“Why is it a Yellow Lime? Why don’t you just call it a lemon?” asked my 8-year-old son, Oliver. “Because,” I said, “that’s what makes it fun!” In this blog I’ll share the story about how the name Yellow Lime came about, in case you’re asking. It’s a bit of a train of thought, but here it is:
The brand name and logo train started after my father had very recently passed away in a car accident. He was an entrepreneur and one of my biggest encouragers throughout my life, and I wanted to make my business name an homage to him and his influence on me.
My dad always talked about his favorite things, including his favorite color: yellow, so I knew I wanted my logo to be yellow.
He also was an amazing cook, and lemons were a staple at our house while I was growing up. He also used to always use the French word for lemon, le citrón, because my little sister had an adorable dress that had a pattern with that on it. Ok, so the logo had to be a lemon. But what about the name?
I didn’t want to go with anything boring like, “Lemon Marketing.” Also, a lemon is used to describe a car that doesn’t work. And the marketing I do DOES work, so let’s not conjure the image of a broken car. Or maybe we do conjure it, in a fun way? One of the names I played with was Nottalemon Marketing (like, not-a-lemon, because it works… you get it). And it was fun, but I didn’t love that it started with a negative. I wanted a make-lemonade-out-of-lemons kind of feel, not an it-could-be-broken-but-it’s-actually-not kind of way.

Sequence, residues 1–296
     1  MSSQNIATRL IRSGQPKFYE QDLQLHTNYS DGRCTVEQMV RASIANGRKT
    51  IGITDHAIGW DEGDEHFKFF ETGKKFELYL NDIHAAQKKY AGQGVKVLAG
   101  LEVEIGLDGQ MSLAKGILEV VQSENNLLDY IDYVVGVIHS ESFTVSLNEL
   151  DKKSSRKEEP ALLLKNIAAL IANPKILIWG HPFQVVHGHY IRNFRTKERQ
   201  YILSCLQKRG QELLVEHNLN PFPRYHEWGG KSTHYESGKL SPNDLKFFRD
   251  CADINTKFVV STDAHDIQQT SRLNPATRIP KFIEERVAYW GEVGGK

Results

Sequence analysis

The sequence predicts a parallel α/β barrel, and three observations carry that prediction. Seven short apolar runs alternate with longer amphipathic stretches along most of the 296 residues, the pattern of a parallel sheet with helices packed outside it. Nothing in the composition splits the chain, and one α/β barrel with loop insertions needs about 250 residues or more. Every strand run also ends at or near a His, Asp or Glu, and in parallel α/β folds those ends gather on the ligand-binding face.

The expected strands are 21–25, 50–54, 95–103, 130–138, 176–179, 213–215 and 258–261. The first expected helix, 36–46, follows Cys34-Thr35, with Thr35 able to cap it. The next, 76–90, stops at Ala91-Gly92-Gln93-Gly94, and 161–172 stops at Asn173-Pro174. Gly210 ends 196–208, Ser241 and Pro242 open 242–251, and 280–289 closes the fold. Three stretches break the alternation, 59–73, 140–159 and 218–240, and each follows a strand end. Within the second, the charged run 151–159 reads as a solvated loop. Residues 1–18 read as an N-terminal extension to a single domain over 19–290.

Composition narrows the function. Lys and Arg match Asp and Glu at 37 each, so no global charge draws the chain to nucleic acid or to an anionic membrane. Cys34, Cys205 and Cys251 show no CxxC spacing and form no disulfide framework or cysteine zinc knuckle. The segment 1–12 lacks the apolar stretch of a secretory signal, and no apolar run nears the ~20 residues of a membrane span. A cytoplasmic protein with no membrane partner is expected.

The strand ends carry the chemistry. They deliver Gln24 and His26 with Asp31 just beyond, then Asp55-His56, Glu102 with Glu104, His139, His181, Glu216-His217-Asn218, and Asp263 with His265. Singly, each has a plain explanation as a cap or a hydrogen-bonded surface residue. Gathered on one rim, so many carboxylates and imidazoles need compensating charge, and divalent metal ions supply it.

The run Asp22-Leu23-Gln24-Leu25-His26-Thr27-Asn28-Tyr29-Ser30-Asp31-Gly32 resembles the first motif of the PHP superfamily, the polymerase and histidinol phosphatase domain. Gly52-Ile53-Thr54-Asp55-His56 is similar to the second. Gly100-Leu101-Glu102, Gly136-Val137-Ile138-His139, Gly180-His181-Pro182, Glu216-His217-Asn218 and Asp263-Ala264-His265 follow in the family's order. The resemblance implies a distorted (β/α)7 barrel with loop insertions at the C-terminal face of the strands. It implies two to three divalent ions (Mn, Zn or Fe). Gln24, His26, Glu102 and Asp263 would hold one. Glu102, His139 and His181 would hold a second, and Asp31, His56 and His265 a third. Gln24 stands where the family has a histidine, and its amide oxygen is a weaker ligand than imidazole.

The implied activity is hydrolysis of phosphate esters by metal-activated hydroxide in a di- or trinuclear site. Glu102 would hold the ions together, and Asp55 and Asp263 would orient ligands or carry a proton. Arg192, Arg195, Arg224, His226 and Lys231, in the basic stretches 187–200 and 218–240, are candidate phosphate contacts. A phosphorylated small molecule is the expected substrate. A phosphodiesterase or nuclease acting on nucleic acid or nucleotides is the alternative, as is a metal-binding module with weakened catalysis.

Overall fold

I liked the juxtaposition of two opposites, so I kept thinking. Then, a lightbulb! I am fluent in Spanish and spent a college semester in the Dominican Republic. There, the word for lemon and lime are the same: limón. And they’re described as limón dulce (sweet limón, or a lime) or limón agrio (sour limón, or a lemon). And there was my idea! Incorporate my love for Spanish and the DR, with my dad, with a way to describe an object a little differently than we’re used to: a yellow lime.
The thing I love about this name and imagery is that it makes you pause for a second when you hear it. Like Oliver did. And then you say, “Ohhhhhh, I get it!” It’s like a fun inside joke that makes you feel included. It’s like a cheesy dad joke that you roll your eyes at, but it gives you a little bit of joy. It’s like taking the traditional ideas you have about marketing and creative, and turning them around so you can look at them in a new way. See what I did there?